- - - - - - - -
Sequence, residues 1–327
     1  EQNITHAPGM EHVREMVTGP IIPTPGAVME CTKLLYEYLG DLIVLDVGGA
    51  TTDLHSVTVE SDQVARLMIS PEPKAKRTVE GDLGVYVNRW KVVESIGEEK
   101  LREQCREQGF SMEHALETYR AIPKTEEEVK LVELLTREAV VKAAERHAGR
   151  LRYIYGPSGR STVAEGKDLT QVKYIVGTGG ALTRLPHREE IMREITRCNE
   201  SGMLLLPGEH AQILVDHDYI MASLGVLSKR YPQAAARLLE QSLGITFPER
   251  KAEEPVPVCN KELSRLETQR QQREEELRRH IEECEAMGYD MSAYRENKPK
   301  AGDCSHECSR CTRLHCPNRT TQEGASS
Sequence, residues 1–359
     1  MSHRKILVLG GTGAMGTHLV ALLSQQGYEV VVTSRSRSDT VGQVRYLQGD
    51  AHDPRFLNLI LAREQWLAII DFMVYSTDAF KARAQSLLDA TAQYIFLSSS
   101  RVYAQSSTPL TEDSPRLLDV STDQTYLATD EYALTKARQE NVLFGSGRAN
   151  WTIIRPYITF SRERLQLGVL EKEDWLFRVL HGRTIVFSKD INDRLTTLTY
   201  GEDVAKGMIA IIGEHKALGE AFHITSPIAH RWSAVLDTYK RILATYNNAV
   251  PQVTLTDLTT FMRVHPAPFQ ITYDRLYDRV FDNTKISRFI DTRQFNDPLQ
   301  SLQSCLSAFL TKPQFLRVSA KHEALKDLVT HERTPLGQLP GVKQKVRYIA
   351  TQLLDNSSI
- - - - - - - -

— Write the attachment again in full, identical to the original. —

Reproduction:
Sequence, residues 1–327
     1  EQNITHAPGM EHVREMVTGP IIPTPGAVME CTKLLYEYLG DLIVLDVGGA
    51  TTDLHSVTVE SDQVARLMIS PEPKAKRTVE GDLGVYVNRW KVVESIGEEK
   101  LREQCREQGF SMEHALETYR AIPKTEEEVK LVELLTREAV VKAAERHAGR
   151  LRYIYGPSGR STVAEGKDLT QVKYIVGTGG ALTRLPHREE IMREITRCNE
   201  SGMLLLPGEH AQILVDHDYI MASLGVLSKR YPQAAARLLE QSLGITFPER
   251  KAEEPVPVCN KELSRLETQR QQREEELRRH IEECEAMGYD MSAYRENKPK
   301  AGDCSHECSR CTRLHCPNRT TQEGASS
Sequence, residues 1–359
     1  MSHRKILVLG GTGAMGTHLV ALLSQQGYEV VVTSRSRSDT VGQVRYLQGD
    51  AHDPRFLNLI LAREQWLAII DFMVYSTDAF KARAQSLLDA TAQYIFLSSS
   101  RVYAQSSTPL TEDSPRLLDV STDQTYLATD EYALTKARQE NVLFGSGRAN
   151  WTIIRPYITF SRERLQLGVL EKEDWLFRVL HGRTIVFSKD INDRLTTLTY
   201  GEDVAKGMIA IIGEHKALGE AFHITSPIAH RWSAVLDTYK RILATYNNAV
   251  PQVTLTDLTT FMRVHPAPFQ ITYDRLYDRV FDNTKISRFI DTRQFNDPLQ
   301  SLQSCLSAFL TKPQFLRVSA KHEALKDLVT HERTPLGQLP GVKQKVRYIA
   351  TQLLDNSSI